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    Landscape and Urban Planning 160 (2017) 4860

    Contents lists available at ScienceDirect

    Landscape and Urban Planning

    j o ur na l ho me pag e: www.elsev ier .com/ locate / landurbplan

    esearch Paper

    elineating urban functional areas with building-level social mediaata: A dynamic time warping (DTW) distance based k-medoidsethod

    imin Chen a, Xiaoping Liu a,, Xia Li a, Xingjian Liu b, Yao Yao a, Guohua Hu a, Xiaocong Xu a

    Fengsong Pei c

    Guangdong Key Laboratory for Urbanization and Geo-simulation, School of Geography and Planning, Sun Yat-sen University, Guangzhou, ChinaDepartment of Urban Planning and Design, University of Hong Kong, Hong KongSchool of Urban and Environmental Sciences, Jiangsu Normal University, Xuzhou, China

    i g h l i g h t s

    A novel method is presented for delineating urban functional areas.Heterogeneity is found in building clusters with similar urban functions.Concentric structures are found in urban villages that were deemed disordered.

    r t i c l e i n f o

    rticle history:eceived 18 April 2016eceived in revised form 1 December 2016ccepted 3 December 2016

    eywords:rban functional areasocial media dataynamic time warping

    a b s t r a c t

    This paper presents a novel method for delineating urban functional areas based on building-level socialmedia data. Our method assumes that social media activities in buildings of similar functions have sim-ilar spatiotemporal patterns. We subsequently apply a dynamic time warping (DTW) distance basedk-medoids method to group buildings with similar social media activities into functional areas. Theproposed method is applied in the Yuexiu District, Guangzhou, China. We carry out two clustering exper-iments with k = 2 and k = 8. In the experiment with k = 2, buildings are separated into two groups based ondensity values. Buildings with higher density are situated mainly within the traditional city core and urbanvillages in the northern part of study area. The results for k = 8 suggest that most buildings have mixed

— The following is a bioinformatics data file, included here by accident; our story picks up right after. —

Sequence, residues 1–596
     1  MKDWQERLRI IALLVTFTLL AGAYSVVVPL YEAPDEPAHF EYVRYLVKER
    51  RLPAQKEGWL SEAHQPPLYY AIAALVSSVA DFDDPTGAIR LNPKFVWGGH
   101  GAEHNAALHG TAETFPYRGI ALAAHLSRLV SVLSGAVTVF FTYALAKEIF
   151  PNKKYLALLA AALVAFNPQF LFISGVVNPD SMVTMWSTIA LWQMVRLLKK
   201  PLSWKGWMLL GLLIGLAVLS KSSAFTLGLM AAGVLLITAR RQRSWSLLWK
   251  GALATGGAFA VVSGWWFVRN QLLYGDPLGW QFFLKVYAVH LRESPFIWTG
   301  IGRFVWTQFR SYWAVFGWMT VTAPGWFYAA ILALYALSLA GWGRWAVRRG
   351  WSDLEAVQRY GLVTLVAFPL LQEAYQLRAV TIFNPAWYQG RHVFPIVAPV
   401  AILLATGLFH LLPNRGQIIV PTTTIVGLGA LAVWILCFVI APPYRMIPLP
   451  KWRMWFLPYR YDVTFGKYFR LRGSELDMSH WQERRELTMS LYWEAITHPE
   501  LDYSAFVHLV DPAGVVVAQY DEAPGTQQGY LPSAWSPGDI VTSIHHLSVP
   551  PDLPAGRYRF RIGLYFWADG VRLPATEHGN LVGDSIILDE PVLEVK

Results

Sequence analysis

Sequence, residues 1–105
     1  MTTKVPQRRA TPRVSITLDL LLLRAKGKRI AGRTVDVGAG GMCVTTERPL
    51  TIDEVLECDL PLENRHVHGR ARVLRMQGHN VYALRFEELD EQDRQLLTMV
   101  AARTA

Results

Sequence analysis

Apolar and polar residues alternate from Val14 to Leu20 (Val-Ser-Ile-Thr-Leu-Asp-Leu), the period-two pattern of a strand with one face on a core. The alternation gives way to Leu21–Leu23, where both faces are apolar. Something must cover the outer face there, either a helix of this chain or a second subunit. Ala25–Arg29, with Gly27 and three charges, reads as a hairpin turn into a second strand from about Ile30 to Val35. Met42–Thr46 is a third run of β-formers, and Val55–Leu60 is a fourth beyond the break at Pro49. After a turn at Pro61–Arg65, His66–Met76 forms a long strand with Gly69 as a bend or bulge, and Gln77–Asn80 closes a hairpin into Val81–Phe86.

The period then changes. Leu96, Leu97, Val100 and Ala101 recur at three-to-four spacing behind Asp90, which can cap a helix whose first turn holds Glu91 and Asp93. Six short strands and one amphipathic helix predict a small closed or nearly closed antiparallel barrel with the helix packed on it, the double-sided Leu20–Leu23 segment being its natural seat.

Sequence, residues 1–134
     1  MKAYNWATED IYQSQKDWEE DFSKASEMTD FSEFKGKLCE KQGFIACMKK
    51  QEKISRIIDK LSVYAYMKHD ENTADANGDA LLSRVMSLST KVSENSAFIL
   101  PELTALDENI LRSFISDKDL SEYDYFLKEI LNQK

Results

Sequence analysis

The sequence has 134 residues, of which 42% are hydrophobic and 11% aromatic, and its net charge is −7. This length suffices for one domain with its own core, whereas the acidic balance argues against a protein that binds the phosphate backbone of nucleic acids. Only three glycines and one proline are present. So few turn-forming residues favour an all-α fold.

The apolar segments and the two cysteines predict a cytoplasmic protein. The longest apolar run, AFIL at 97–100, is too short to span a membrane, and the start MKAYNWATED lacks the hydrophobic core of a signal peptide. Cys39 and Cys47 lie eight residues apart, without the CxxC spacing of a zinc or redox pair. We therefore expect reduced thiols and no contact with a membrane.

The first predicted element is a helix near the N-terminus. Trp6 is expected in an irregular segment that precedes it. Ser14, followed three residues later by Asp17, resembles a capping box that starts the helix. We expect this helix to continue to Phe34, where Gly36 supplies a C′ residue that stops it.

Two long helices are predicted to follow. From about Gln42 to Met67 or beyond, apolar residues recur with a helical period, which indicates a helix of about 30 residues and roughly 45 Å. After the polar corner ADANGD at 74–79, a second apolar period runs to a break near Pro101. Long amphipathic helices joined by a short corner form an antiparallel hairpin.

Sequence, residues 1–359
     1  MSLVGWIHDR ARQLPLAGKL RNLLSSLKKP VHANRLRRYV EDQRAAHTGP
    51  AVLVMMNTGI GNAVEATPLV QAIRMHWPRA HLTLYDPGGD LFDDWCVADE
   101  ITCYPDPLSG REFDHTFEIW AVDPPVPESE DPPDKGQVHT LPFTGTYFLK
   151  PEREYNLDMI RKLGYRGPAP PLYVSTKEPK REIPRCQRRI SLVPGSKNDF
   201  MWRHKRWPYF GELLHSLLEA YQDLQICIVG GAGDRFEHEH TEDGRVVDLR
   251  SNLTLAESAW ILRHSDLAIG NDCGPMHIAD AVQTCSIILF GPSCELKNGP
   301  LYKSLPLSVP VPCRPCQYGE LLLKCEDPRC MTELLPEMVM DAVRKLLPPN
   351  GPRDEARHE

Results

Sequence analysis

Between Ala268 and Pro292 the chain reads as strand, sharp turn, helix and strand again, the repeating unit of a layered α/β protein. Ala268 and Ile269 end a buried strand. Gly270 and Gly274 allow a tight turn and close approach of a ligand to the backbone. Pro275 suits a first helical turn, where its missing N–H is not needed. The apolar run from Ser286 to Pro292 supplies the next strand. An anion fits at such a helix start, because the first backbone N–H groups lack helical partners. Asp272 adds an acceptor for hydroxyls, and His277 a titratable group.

-Medoids functions. In addition, heterogeneity can be discerned even in the clusters with similar urban functions.Concentric spatial structures are observed in urban villages that were previously deemed disordered. Wealso assess the diversity of urban functions at the community level and identify several potential centralplaces based on hot spot analysis. Our analysis provides an alternative way of characterizing intra-cityurban spatial structure and could therefore inform future planning and policy evaluation.

    2016 Elsevier B.V. All rights reserved.

    . Introduction

    Delineating urban functional areas is one of the long lastinguestions in urban studies and planning. While early studies pro-osed static models, such as concentric and sector models, to

    escribe urban functional areas, recent efforts have viewed the

    ormation of urban functional areas as the results of the evolv-ng self-adaptive urban systems (Chen, Li, Liu, Ai, & Li, 2016;

    Corresponding author at: School of Geography and Planning, Sun Yat-sen Uni-ersity, 135 West Xingang RD., Guangzhou 510275, China.

    E-mail address: (X. Liu).

    ttp:// 2016 Elsevier B.V. All rights reserved.

    Dear & Flusty, 1998; Liu et al., 2014). Conventional methods ofdelineating urban functional areas heavily rely on remote sens-ing images (Heiden et al., 2012; Van de Voorde, Jacquet, & Canters,2011). Although remote-sensing based methods are capable of cap-turing physical changes of urban functional areas, they do notprovide sufficient socioeconomic information relating to urbanfunctional areas. More recently, spatially referenced social mediadata emerged as a new data source for studying socioeconomicdynamics in the cities, such as human mobility (Hasan, Schneider,

    Ukkusuri, & Gonzlez, 2013; Shi, Chi, Liu, & Liu, 2015), travel behav-iors (Yuan, Raubal, & Liu, 2012), urban communities (Gao, Liu,Wang, & Ma, 2013), and urban land use (Pei et al., 2014). Attemptshave also been made to delineate urban functional areas using

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    Y. Chen et al. / Landscape and